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Expanded Morgan Library Reopened
with Masterworks on Display
A Museum and Special Exhibition Review by Stan Parchin

About the library and museum:

Manhattan's prestigious Morgan Library, shuttered for almost three years because of a massive renovation and expansion, reopened to the public on Saturday, April 29, 2006. In its latest incarnation, the new Morgan Library & Museum (reportedly renamed to attract more visitors) has united its sprawling campus' three landmark buildings (Italianate, Neoclassical and Victorian in architectural style) with a trio of sparkling new pavilions designed by accomplished Italian architect Renzo Piano (b. 1937). The Morgan's estimated $106 million (US) reinvention adds 75,000 square feet to the institution. It's Piano's first completed project in New York City. The visitor no longer enters through the Morgan's stately yet inviting East 36 Street entrance, still a symbol of grand opulence and charm.


The Morgan Library (East 36 Street Entrance)
© 2006 Robert Alan Espino



The ultramodern, wheelchair-accessible Madison Avenue entrance to the new JPMorgan Chase Lobby leads to the four-story, 50-foot-high Gilbert Court. Mr. Piano utilized high-transparency and low-iron panes of glass in his construction. They're connected by faceted steel panels, each coated in a rose-hued, off-white paint. The architect's expansion includes: brand new curatorial and administrative offices; four new galleries; the narrow 280-seat Gilder Lehrman Hall; the state-of-the art Sherman Fairchild Reading Room for researchers; a secure subterranean storage area for the Morgan Library's precious holdings; a singularly diminutive dining room and café; an expanded bookshop worth perusing for its new and remaindered titles; and a gift annex that mimics the Library & Museum's somewhat claustrophobic first-floor presentation of its medieval and Renaissance manuscripts.


Morgan Library & Museum
(New Renzo Piano Entrance)

© 2006 Robert Alan Espino



What is remarkable about the new Morgan Library & Museum is the restored study of its founder, J. Pierpont Morgan (1837-1913). It includes three paintings by Early Netherlandish artist Hans Memling (ca. 1435/40-1494). His portraits were recently the subject of a wildly successful special exhibition at New York's Frick Collection. These gems of fifteenth-century painting are well worth the trip to the Morgan Library & Museum.

Of course, a reopening of this magnitude is not without shortcomings that require fine-tuning. The lack of clearly visible signage makes the orchestration of Renzo Piano's design hit a distinctly sour note. Whether one is a habitué of the Morgan or a newcomer to its multitudinous treasures, entering the first of Piano's pristine pavilions is nothing less than jarringly disconcerting. Hopefully, a harmonious set of directional stanchions and detailed maps of the institution's expanded layout will correct this problem. Only time and experience will tell.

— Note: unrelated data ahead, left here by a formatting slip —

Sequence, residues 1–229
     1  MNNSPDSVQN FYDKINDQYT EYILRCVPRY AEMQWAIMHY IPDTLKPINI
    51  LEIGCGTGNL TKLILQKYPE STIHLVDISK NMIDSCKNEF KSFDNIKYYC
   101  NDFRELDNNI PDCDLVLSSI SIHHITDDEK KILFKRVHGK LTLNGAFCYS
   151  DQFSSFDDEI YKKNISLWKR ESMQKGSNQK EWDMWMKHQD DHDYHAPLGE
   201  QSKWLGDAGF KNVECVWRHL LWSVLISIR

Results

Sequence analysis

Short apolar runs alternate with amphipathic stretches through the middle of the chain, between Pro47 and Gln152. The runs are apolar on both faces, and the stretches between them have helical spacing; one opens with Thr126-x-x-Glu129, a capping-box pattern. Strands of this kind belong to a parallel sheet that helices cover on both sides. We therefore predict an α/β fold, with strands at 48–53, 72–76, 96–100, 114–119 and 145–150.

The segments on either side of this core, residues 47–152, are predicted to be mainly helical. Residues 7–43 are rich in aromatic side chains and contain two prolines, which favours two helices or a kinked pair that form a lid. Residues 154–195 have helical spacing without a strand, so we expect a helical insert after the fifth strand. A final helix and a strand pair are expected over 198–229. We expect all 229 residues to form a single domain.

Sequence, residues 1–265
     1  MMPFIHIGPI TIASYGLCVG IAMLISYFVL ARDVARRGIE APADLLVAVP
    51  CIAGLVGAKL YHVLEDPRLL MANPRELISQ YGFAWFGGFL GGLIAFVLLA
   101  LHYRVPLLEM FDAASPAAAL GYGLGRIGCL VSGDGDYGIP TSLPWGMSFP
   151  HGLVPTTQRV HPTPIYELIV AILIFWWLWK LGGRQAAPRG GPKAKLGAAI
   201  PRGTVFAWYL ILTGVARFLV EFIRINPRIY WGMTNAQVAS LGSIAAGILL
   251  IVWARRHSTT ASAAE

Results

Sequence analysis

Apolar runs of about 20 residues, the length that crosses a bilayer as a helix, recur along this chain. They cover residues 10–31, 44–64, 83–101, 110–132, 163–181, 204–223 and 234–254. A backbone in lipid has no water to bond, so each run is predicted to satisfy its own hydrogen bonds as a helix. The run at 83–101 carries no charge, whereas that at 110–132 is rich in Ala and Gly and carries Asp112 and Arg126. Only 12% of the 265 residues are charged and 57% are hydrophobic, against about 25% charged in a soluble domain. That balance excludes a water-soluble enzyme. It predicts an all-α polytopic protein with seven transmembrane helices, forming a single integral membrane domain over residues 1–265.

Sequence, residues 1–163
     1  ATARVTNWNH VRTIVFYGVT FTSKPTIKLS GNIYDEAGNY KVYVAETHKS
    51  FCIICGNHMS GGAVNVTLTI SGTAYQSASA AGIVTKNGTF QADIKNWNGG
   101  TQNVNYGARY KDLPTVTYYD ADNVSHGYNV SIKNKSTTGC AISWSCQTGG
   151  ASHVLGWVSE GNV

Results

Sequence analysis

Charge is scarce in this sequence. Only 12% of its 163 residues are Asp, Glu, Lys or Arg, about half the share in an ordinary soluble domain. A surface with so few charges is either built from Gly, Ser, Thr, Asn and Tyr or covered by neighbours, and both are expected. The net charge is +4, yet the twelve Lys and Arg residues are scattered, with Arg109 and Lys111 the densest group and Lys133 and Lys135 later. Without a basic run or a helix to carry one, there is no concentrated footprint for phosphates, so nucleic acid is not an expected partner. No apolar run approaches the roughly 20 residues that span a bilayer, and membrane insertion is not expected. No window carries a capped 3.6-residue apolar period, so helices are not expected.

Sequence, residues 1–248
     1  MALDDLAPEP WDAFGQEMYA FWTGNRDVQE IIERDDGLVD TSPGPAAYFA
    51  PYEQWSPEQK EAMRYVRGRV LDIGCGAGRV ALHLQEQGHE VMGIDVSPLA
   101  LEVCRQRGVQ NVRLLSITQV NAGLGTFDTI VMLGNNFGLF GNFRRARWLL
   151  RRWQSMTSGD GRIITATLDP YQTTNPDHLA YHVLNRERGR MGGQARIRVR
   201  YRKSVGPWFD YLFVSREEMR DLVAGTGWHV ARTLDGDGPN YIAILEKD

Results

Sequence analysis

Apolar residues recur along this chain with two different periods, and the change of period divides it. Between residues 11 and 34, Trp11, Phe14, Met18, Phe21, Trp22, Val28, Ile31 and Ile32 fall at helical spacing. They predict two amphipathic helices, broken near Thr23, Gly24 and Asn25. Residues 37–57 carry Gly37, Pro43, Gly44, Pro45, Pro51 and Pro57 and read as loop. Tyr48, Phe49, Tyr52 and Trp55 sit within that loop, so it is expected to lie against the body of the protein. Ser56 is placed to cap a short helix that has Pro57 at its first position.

About the show:

The Morgan's approach to art collecting was, from the very beginning, eclectic. Its assemblage of artworks was never intended to be encyclopedic. Masterworks from the Morgan amply demonstrates that fact. Artifacts from the Fertile Crescent are followed rapidly by objets d'art from the Middle Ages and the Renaissance through the Twentieth Century. The special exhibition is displayed on more than one floor of the Morgan's reinvigorated environs. While not historically comprehensive, the show spans the last three millennia of recorded human history. It starts in ancient Mesopotamia and climaxes with American songwriter Bob Dylan (b. 1941), reportedly the subject of an upcoming special exhibition.

The show begins chronologically in the Morgan Library's East 36 Street lobby. A solitary Sumerian copper alloy Foundation Figure of Ur-Namma Holding a Basket (ca. 2097-2080 B.C.) reigns majestically in a central, freestanding display case. This statue of a ruler from Ur's Third Dynasty is the gallery's focal point. Last exhibited publicly in Art of the First Cities, a 2003 monumental special exhibition at The Metropolitan Museum of Art, here Ur-Namma is surrounded by numerous Mesopotamian cylinder seals and their impressions, displayed in new hi-tech vitrines. The statue of Ur-Namma, depicted as bald, clean-shaven and nude from above his skirt, was originally a metal peg deposited in the foundation of a Mesopotamian building. The sculpture's cuneiform inscription confirms Ur-Namma's patronage of building works. He raises a basket of mud high above his head. The earthen mixture represents the material used for bricks to construct Sumerian ziggurats, massive stepped temples dedicated to a particular deity.


Foundation Figure of Ur-Namma Holding a Basket
Mesopotamian, Third Dynasty of Ur (ca. 2097-2080 B.C.)
Copper alloy
H. 13 1/4 in. (33.5 cm), W. 5 1/8 in. (13 cm)
© The Pierpont Morgan Library